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HR consultants: Why you need one and how to find one

Is doing it all yourself really the best use of your limited time and resources?

Apr 1, 2014

by Alberta Venture Staff

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Illustration Josh Holinaty

You run a successful business, and you manage everything yourself, from payroll to policies. Or maybe you’ve hired a controller who’s taken on some of the HR tasks, but you’re getting along well enough. Or so you think.

Is doing it all yourself really the best use of your limited time and resources? Alykhan Bandaly, chair of the Human Resources Institute of Alberta, says that while entrepreneurs typically handle the HR function in small- and medium-sized businesses, that’s rarely ideal. “The top three reasons a business fails are financial management, marketing and HR. Knowing the importance of each of those three areas, there are times you need to understand that you’re going to be in the way of becoming better.”

So how do you know when you need to bring someone in to help, and how do you find them? Read on.

It’s Never Too Late

”We often end up working with companies on their first policy manual, because they’ve grown from being a smaller organization, more informal, to an organization where there’s a desire to start treating people more equally and more fairly.”

When should you hire an HR expert? The quick answer, says Janet Salopek, president of Salopek & Associates, a Calgary-based HR and strategic planning firm, is as soon as possible. Before you even start your business, in fact. For entrepreneurs starting a new business, hiring an HR consultant during the planning stage can help them get off on the right foot by working human resources into their business plan from the very beginning. “When they’re doing their business planning, they really need to have a strategic focus on their people,” she says. “It’s about being proactive, not waiting until they have issues before they decide they need HR support.”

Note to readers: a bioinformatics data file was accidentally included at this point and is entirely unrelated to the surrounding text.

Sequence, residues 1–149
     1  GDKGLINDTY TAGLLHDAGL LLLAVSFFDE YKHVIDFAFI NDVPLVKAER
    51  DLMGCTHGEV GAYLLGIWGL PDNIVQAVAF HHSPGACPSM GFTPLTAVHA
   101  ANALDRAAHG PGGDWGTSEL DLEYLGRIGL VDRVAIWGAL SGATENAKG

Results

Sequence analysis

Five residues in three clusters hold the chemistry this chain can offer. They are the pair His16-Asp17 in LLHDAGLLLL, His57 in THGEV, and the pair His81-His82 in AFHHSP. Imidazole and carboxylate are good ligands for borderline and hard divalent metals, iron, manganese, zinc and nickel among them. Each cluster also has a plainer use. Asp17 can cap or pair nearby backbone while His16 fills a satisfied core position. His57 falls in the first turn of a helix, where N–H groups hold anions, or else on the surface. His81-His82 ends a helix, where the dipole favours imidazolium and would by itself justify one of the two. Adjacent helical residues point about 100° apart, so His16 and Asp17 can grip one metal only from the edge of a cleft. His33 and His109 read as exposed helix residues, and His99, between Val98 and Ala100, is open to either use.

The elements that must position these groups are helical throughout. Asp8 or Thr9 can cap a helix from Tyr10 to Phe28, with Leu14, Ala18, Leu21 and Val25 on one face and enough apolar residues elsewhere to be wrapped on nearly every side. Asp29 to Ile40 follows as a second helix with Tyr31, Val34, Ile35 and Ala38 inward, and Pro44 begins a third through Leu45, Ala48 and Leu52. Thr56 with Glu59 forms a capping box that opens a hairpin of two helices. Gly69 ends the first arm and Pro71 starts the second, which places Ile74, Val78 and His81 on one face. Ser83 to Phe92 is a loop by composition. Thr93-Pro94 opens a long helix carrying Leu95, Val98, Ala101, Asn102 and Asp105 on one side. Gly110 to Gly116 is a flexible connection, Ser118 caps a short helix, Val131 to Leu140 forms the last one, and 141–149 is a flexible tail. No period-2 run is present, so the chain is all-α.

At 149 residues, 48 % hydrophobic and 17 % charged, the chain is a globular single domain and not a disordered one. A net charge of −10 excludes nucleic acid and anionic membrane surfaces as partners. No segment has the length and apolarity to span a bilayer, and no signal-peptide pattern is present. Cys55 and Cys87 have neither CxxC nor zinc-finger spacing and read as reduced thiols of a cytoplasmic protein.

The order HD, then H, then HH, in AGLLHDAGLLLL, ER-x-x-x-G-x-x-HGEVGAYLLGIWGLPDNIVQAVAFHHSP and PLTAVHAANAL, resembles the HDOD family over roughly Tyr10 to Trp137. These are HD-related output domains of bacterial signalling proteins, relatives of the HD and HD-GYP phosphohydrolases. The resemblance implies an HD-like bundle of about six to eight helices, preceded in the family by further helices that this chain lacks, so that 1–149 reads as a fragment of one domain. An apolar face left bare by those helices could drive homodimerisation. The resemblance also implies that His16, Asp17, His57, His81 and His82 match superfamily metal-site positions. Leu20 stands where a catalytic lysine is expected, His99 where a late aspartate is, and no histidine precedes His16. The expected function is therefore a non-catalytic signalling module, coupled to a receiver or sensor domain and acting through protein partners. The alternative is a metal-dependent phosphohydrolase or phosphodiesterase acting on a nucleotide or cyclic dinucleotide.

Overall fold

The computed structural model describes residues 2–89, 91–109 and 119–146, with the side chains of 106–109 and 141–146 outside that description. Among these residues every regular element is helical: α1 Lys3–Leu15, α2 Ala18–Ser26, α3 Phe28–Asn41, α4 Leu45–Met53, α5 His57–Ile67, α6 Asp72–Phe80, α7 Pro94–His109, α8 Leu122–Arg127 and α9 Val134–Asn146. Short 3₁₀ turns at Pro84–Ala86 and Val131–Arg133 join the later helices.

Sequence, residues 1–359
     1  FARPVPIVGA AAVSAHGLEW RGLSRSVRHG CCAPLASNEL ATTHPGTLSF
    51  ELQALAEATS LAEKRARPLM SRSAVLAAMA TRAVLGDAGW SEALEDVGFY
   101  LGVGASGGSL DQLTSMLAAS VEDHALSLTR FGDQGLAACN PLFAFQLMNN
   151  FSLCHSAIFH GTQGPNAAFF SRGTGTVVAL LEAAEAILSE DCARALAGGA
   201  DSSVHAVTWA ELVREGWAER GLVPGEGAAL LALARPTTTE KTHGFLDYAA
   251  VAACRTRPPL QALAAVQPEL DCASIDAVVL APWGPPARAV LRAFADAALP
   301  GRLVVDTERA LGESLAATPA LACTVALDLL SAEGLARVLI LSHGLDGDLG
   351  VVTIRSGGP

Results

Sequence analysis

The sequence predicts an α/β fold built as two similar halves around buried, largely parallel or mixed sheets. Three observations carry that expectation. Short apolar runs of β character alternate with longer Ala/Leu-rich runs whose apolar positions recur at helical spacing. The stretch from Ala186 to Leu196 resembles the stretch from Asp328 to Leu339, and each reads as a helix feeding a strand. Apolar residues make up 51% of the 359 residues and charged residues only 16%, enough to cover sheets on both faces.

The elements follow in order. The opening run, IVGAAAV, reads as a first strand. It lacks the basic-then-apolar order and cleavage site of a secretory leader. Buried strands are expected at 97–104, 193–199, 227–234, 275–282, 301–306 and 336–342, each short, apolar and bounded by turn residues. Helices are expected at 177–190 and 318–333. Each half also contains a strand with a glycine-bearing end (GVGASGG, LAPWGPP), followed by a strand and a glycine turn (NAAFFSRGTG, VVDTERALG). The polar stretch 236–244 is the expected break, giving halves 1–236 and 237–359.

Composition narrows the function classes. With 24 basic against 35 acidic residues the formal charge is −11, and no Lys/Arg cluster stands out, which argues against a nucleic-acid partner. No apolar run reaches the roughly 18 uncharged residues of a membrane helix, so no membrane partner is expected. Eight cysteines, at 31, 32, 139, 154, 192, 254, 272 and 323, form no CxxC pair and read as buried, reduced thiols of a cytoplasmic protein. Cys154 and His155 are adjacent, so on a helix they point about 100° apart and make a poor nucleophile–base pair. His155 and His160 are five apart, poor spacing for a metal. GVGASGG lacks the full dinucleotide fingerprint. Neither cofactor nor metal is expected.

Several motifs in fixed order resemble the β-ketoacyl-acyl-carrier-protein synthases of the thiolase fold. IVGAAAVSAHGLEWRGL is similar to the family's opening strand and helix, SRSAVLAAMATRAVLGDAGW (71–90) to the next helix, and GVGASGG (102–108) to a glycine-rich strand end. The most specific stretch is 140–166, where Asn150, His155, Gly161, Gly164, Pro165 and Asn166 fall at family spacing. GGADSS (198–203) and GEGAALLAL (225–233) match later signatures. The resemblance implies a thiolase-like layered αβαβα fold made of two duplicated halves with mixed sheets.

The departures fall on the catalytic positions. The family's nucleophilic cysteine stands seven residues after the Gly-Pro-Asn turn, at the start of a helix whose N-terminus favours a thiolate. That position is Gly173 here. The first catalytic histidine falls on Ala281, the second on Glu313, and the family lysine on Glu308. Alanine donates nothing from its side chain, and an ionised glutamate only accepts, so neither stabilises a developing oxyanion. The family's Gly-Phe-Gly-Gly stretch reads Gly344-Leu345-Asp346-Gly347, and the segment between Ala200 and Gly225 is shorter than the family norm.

The reality is that many businesses wait until they’re established before worrying about human resources. As your business grows, you’re likely to find that more and more of your time is being eaten up by HR issues. You need to make several new hires, handle all the associated paperwork, tighten up your bonus structure and benefits, and start instituting a formal review process. Jim Fries, a partner with Cenera, an HR consultancy in Calgary, says these are all instances where a company might want to bring in an HR firm, especially if you’re trying to do it all at once.

But what if you don’t hire an HR consultant and something goes off the rails? Fries says that while he’d rather companies get in touch before things go wrong, it’s never too late to ask for help. “Most often, people call us when there’s a crisis – someone’s made a serious complaint about behaviour, someone is asking for an exception to a policy, or someone is using email inappropriately.” It may not be ideal, but there’s still an opportunity for a consultant to help you deal with the crisis, whether that involves tightening up your policies, terminating an employee, or just making sure you have the infrastructure in place to deal with future issues. “We often end up working with companies on their first policy manual, because they’ve grown from being a smaller organization, more informal, to an organization where there’s a desire to start treating people more equally and more fairly.”